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Broadway Black History Fact

A Dream Realized: On This Day In Black Theatre History A Raisin In the Sun Debuts on Broadway

Friedman-Abeles/New York Public Library

Friedman-Abeles/New York Public Library

Today marks the 62nd anniversary of the Broadway debut of Lorraine Hansberry’s landmark play A Raisin In the Sun. It was on this date that history was made as Hansberry was the first African American woman to have her play produced and performed on Broadway; it was also the first Broadway play to be directed by a Black person (Lloyd Richards). It opened at the Ethel Barrymore Theater (and later moved to the Belasco Theater) on March 11, 1959, and played for a total of 530 performances before closing on June 25, 1960.

The play centers around the Youngers: a family of five that lives in a 2-bedroom apartment on the Southside of Chicago. Set to the backdrop of post-WWII, the family’s pursuit of success is driven by the idealization of the American dream; often thwarted by the consequential effects of racism, cultural appropriation and identity, and generational differences. Hansberry gives the reader, and oftentimes the performer, an eye-opening look into the Black experience in America with questions of freedom – educational and economic – ruling the conversation.

The play echoes many of the circumstances and accounts of the playwright’s family from the 1940 Supreme Court case of Hansberry v. Lee, which gave them a voice in the judicial system to fight against racial discrimination in the housing market.  Inspired by that, she wrote parts of her truth through the language of a family who only wanted their slice of the American pie; a slice that would feed their spirits in a world that starved them of their identity.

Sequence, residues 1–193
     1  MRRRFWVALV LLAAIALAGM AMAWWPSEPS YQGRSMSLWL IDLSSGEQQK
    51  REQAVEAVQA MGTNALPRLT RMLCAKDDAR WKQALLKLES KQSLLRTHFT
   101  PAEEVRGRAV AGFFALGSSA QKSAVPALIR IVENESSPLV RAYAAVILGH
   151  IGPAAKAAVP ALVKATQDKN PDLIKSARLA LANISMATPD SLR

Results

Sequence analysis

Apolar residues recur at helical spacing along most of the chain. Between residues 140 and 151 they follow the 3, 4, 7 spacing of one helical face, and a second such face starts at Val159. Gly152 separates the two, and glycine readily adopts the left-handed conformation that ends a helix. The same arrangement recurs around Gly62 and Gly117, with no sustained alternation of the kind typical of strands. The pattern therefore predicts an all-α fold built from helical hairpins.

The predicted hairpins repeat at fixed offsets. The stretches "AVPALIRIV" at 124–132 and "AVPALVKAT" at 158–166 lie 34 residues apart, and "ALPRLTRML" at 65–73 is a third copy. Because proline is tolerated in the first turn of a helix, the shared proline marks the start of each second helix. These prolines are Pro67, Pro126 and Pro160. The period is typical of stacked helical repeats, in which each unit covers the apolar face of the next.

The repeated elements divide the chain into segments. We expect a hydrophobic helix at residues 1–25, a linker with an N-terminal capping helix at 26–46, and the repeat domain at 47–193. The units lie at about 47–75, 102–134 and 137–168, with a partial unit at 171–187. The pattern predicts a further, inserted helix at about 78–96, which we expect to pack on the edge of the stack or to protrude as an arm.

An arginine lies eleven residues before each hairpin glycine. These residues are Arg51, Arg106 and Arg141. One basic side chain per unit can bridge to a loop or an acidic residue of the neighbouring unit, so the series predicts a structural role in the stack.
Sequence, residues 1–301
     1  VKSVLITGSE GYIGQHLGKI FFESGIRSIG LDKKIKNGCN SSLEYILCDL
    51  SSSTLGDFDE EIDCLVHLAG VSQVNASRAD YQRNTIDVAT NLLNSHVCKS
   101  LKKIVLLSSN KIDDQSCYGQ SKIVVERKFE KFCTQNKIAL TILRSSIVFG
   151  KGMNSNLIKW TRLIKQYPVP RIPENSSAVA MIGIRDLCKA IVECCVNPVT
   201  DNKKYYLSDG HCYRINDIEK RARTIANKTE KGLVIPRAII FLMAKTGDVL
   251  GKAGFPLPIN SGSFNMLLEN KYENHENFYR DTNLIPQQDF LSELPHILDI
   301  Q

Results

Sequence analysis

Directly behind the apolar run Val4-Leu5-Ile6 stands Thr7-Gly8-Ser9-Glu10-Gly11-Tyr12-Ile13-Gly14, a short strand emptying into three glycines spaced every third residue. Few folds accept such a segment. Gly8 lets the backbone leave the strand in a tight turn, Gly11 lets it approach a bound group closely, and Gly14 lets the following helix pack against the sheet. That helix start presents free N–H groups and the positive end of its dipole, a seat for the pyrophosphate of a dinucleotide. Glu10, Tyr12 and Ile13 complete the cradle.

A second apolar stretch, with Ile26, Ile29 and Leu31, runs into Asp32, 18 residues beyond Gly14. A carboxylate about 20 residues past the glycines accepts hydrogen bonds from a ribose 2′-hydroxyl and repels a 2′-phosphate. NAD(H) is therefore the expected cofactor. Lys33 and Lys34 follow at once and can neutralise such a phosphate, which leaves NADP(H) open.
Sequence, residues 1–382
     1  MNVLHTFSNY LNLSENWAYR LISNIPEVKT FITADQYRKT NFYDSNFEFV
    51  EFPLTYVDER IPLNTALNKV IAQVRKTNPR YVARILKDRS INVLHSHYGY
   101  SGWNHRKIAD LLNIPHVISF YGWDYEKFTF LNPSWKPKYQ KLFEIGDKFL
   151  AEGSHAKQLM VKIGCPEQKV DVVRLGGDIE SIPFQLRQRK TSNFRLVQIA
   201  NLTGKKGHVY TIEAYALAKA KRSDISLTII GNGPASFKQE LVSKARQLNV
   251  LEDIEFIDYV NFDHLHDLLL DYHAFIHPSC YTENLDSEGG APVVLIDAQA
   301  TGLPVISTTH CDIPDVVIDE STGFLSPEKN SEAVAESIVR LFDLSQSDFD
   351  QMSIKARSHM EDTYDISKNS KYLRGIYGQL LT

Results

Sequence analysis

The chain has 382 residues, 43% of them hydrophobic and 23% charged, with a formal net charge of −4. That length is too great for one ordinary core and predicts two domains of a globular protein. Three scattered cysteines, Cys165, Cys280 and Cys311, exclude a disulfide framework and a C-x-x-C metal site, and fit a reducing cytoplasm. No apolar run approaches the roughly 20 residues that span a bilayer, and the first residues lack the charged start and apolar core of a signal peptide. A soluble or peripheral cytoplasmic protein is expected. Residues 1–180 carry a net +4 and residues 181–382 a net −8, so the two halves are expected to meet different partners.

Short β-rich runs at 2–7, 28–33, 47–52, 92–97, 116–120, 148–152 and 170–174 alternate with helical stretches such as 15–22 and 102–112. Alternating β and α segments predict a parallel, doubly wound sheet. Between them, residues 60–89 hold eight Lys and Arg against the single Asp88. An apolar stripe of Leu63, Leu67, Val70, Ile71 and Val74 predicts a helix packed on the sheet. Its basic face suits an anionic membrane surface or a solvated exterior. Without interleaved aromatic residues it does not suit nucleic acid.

A Raisin In the Sun has seen a long history on Broadway and around the world. After the original production was nominated in 1960 for four Tony Awards, the story became a universal tale of hope and success. The original production starred Hollywood leading man Sidney Poitier (later succeeded by Ossie Davis), Ruby Dee, Claudia McNeil, Diana Sands, Louis Gossett, Ivan Dixon, Lonne Elder III, John Fiedler, Glynn Turman, and Ed Hall. Multiple iterations of Hansberry’s classic have graced the stage and screen over the last 62 years: 

1961 film starring the original Broadway cast. 

Raisin (a musical based on A Raisin In the Sun) debuted on Broadway in 1973. The book was written by Hansberry’s former husband and starred Joe Morton, Debbie Allen, Virginia Capers (Tony winner for Lead Actress in a Musical), Ernestine Jackson, and Ralph Carter. It also won the Tony Award for Best Musical. 

1989 tv film starring Danny Glover and Esther Rolle.

2004 Broadway revival starring Sean Combs, Audra McDonald (Tony winner for Best Featured Actress in a Play), Sanaa Lathan, and Phylicia Rashad (Tony winner for Best Actress in a Play; also the first Black woman to win this award).

2008 tv movie event starring many of the leads of the 2004 Broadway revival. 

2014 Broadway revival at the Ethel Barrymore Theater (where it originally played in 1959) starring Denzel Washington, Sophie Okonedo (Tony winner for Best Performance by an Actress in a Featured Role in a Play), Anika Noni Rose, and LaTanya Richardson Jackson. The production also won the Tonys for Best Revival of a Play and Best Direction for Kenny Leon (who also directed the 2008 tv movie). 

The title was inspired by the Langston Hughes poem “Harlem,” which starts out with “what happens to a dream deferred? Does it dry up like a raisin in the sun?” It is the hope in the midst of suffering and the strength in the midst of pain that makes this classic theatre work a blessing to the arts community.

In honor of Women’s History Month, Broadway Black honors Lorraine Hansberry. Your dream is a gift to us all.

Written By

Tremaine A. Price is a drama educator with 11 years worth of teaching experience in the New York City school system. He is currently the Arts Director for a charter school in Brooklyn, NY, and oversees the artistic and educational development of students in middle and high school. He is all about Broadway Black in and out of the classroom Arts Educator | Director | Actor | Singer | Theatre Lover


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